Editorial

Weekend Superhero: LOGAN and the Right Way to Use an R-Rating

Dafne Keen Hugh Jackman Logan Trailer

Weekend Superhero: Logan & Using an R-Rating

This past weekend saw the release of what might be the best comic book movie of the decade, Logan. A masterful blend of intense, bloody violence and heartfelt emotion, Logan defies almost everything we believe a comic book movie should be. One of the most important factors to the success of the final Wolverine film was it’s R rating – something most people credit to the success of Deadpool. Despite the fact that director James Mangold got the greenlight for an R rating before Deadpool even hit theaters, many assumed that this was a sign Fox wanted more of it’s movies to follow the template set by the Merc with the Mouth. However, Mangold did so much more than copy Deadpool; he made an actually good movie.

Allow me to expand on that a litte; I didn’t really care much for Deadpool. I know, I’m one of the very few who wasn’t won over by the charms of Ryan Reynolds. Everybody seemed to love this movie, but from an objective standpoint, I just couldn’t find myself impressed by it. Was it fun to see a bright, colorful Marvel character swear constantly and cut people to bits with swords? Of course; I’m not completely dead inside. But what did Deadpool offer behind these surface entertainments?

Did Deadpool have any really interesting characters, imbued with depth and warranting an emotional connection with the audience? Before you answer “yes: Wade”, please be advised that making quips 100% of your dialogue does not count as character depth. Did Deadpool have a particularly clever plot that caught us guessing in unexpected moments? No, it was a very basic plot that hit all the beats we were expecting. The only thing that caught us off guard was the violence and language, but those are tools to tell a story, not the story itself. Was Deadpool an impressive display of cinematography or creative vision on behalf of a director? Not really – one never got the sense that this was anything other than Ryan Reynolds’ chance to showcase his Wade Wilson character.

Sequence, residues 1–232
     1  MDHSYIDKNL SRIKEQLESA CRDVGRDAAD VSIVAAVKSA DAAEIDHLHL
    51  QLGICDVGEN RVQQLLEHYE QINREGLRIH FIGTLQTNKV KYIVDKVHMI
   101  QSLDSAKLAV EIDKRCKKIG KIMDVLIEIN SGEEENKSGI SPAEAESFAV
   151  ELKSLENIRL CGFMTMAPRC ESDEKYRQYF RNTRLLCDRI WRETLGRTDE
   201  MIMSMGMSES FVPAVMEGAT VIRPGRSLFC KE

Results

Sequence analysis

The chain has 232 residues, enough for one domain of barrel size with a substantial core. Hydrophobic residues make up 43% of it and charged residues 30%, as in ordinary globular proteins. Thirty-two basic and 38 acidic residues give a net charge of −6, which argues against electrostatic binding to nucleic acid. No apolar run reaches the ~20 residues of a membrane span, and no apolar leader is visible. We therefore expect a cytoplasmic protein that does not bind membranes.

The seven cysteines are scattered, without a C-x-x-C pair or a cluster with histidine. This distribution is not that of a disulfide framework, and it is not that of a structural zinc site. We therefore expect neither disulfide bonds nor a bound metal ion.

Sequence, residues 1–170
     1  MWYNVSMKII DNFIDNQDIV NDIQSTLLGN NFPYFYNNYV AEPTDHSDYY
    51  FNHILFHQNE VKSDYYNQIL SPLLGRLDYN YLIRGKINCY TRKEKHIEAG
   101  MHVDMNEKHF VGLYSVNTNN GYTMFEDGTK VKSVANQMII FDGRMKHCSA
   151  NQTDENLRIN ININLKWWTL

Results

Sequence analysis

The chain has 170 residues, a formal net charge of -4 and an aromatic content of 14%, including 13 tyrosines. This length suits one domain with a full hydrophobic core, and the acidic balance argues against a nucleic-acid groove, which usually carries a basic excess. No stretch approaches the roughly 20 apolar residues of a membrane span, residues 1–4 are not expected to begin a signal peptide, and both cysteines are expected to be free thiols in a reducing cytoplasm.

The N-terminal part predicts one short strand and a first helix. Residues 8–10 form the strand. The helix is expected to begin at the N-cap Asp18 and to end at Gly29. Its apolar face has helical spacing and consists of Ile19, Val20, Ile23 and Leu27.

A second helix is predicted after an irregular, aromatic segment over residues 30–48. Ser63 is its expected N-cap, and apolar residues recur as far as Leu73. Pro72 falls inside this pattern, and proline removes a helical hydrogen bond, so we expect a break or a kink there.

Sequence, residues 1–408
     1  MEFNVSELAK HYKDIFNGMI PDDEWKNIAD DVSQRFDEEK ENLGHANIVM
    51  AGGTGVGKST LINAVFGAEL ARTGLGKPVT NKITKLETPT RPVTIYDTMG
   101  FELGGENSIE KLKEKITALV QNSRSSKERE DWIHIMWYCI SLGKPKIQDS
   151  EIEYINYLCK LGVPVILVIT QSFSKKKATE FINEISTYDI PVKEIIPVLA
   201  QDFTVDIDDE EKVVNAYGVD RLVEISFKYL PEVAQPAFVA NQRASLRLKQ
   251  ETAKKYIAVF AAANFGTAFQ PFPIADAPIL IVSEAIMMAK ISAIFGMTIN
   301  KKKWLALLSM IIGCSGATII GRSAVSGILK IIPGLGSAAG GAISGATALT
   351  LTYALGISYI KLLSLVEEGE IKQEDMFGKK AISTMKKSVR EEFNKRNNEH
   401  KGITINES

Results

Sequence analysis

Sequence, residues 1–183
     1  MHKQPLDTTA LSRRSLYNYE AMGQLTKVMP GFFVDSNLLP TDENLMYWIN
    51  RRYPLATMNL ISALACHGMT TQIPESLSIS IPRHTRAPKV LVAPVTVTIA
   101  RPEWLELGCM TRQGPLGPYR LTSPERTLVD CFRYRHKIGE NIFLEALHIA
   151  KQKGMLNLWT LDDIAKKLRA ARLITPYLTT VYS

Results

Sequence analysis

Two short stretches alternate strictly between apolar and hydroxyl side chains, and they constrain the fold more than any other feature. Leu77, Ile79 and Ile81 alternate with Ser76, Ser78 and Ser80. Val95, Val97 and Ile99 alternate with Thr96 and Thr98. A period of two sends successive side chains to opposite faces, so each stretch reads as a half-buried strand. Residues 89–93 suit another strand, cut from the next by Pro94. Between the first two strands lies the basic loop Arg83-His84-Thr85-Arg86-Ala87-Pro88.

So honestly, what did Deadpool do with its R rating? It said some bad words and didn’t shy away from violence. Neat, but ultimately nothing more than surface entertainment. So how does Logan differ?

When a studio gives your movie an R rating, it does more than just free you up to say bad words and show some blood. It gives you the freedom to tell the story, any story, that you want to tell. The studio is basically saying that they have wiped their hands of this movie and they will not intervene in the interest of selling more Lego sets or action figures. This movie does not have to sell to kids, because kids are literally not allowed to watch it. So sure, indulge in your violence and your nudity and your bad language, but that would only be skimming the surface of what this freedom allows you.

The freedom of the R rating is to be able to tell the story that is too boring for kids. The slow, thoughtful meditation on a broken man who is terrified to let anyone close to him, learning to appreciate his “family”. That’s the movie that Mangold ended up making. Logan won’t sell to younger audiences, not just because of the cursing and blood, but because this is the least comic-booky comic book movie that’s ever been made. There are no costumes, no logos, no super cool jet fighters – just a small, personal story exploring a character, and not an extended universe concocted for money.

Now I don’t expect Deadpool to get as dark and ruminating as Logan, because the character isn’t built for that. On the other hand, that does not excuse the fact that Deadpool was made with the idea in mind that cursing and violence was enough – that that is the only thing they needed to succeed. There was no real subversion of the genre or risky choices – there was just naughty words and digital gore. Logan took a true risk – more of one than Deadpool did – by exploring such a personal topic, and it paid off because it committed fully to breaking the genre expectations. It abandoned the look, the tone, and the structure of the comic book film – and in the process created the best one in years.

That’s what happens when you use an R rating properly.

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About the author

Nick DeNitto

Nick DeNitto graduated with Honors from Adelphi University. He began writing movie reviews in middle school and has worked tirelessly to mold his own unique critical voice. He is currently affiliated with the National Board of Review and hopes that one day he is remembered as “The People’s Film Critic.”

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